You can tell it's going to be a cold winter here in Nebraska. The wind is thick with it, sweeping across the cornfields. It all matches pace with the dotted white clouds, running way out to the horizon line. And I'm sitting in a stripped and caged Super Beetle, two carburetors about to roar away behind me.
I'm at the SCCA Rallycross Nationals. Today was tech inspection, registration, practice and scrutineering. I'm here thanks to the Nebraska Region SCCA and Doug Leibman, sharing the driver's seat of his prepped 1971 Super Beetle. Here's a quick rundown of the car:
It's built for affordable, reliable power. This means two simple carbs, a new flywheel and timing pulley, and nothing new inside the engine itself. It runs and idles sweetly without any problems. The stinger exhaust sounds like it should.
The suspension is tight. The front is an inch lower than stock, its shocks adjustable. There are swaybars front and rear. There are no swing arms in the back — post-'68 Beetles have a more sophisticated independent rear suspension and all Super Beetles have MacPherson struts up front. The bushings are urethane. Or polyurethane. Or whatever you call them. It's a stiff little Bug.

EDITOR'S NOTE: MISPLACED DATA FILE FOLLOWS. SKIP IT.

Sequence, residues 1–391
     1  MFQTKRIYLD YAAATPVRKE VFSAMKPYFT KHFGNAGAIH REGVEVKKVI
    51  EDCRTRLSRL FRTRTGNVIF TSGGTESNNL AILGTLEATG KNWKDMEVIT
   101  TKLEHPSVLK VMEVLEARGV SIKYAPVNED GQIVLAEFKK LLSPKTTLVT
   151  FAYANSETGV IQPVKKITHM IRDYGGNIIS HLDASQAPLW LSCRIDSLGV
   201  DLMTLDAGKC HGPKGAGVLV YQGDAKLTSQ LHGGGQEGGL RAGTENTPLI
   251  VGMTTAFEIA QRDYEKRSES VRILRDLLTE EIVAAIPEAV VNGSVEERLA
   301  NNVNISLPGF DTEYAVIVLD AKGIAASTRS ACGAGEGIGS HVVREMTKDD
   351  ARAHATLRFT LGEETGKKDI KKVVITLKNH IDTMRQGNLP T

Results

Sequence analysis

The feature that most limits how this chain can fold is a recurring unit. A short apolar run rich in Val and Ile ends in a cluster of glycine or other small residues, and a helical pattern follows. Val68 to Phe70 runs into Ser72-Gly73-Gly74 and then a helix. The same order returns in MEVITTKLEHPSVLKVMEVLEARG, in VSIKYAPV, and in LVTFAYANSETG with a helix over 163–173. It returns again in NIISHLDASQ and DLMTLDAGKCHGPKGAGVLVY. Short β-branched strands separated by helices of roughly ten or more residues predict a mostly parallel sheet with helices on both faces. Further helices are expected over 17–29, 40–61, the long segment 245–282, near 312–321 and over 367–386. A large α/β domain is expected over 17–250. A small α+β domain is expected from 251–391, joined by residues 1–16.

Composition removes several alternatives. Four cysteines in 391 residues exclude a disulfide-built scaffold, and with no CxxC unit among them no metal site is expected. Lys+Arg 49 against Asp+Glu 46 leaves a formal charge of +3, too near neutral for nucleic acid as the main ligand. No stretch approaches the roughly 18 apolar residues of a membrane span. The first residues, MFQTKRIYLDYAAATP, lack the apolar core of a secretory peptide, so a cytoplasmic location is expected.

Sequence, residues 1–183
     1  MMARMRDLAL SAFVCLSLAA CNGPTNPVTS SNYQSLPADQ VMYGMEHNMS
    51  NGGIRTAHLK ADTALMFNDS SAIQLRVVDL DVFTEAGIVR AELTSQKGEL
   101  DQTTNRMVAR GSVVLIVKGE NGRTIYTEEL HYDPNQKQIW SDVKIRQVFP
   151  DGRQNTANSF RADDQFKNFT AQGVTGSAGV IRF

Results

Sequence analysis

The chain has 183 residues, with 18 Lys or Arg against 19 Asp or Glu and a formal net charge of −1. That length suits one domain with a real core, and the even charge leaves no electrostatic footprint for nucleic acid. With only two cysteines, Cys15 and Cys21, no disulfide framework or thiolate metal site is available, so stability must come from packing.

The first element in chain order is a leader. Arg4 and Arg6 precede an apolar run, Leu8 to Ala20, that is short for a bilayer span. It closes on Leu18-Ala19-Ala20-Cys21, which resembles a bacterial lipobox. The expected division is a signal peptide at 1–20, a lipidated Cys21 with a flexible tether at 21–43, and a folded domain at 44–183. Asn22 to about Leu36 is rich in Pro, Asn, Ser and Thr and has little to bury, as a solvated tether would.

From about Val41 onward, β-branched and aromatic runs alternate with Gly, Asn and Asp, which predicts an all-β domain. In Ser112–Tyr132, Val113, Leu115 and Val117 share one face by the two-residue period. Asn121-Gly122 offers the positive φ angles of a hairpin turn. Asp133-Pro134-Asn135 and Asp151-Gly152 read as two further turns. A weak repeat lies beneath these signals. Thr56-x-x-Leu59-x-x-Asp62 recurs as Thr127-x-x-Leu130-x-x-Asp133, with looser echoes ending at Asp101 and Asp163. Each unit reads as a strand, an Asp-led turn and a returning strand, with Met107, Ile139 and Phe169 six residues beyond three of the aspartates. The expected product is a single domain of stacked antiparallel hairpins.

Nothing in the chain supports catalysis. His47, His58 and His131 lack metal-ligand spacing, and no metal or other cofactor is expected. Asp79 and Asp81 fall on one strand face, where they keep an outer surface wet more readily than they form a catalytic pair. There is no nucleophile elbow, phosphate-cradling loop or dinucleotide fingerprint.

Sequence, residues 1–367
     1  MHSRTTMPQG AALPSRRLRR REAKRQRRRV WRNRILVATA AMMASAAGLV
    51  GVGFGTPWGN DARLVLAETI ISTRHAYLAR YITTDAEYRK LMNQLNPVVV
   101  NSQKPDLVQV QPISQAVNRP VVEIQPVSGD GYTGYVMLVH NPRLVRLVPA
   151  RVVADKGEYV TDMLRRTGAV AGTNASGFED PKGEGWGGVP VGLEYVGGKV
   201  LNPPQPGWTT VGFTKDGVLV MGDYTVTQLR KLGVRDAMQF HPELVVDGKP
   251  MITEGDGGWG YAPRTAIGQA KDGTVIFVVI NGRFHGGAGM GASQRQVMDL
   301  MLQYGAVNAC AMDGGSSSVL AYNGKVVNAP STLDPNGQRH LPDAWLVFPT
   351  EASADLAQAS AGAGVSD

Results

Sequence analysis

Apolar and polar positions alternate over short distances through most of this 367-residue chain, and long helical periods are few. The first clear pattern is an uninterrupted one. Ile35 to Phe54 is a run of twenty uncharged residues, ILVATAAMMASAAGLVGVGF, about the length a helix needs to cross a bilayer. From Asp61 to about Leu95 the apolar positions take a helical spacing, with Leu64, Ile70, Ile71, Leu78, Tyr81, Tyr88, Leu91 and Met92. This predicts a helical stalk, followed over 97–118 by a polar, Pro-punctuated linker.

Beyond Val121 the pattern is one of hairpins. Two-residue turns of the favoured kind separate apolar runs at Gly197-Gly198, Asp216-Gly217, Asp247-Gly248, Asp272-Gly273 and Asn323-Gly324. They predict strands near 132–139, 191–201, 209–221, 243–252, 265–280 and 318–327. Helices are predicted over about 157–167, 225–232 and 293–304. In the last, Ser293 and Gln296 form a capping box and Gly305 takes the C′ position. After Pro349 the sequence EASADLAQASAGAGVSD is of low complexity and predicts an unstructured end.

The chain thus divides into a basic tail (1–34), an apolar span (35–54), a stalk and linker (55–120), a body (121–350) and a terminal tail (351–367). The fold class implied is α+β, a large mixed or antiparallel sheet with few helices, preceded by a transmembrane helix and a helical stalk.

The transmission is ultra slick. The engine is mounted solid to the chassis with no rubber and there's no slack in the rebuilt shift linkage, so the little four-speed is perfectly deliberate and direct.
The handling is fantastic. Set the car up at the right speed for a corner (as Doug can) and the car is totally adjustable, nipping in and out of the line with your throttle. As the corner opens into a little straight, the thing just sits and shoots you down the course.
As I said, the only driving done today was a few practice laps. Tomorrow morning (Saturday), business starts in earnest at I-80 Speedway outside of Omaha and continues on Sunday. Look for two loons in the yellow Bug.
Photo Credits: Raphael Orlove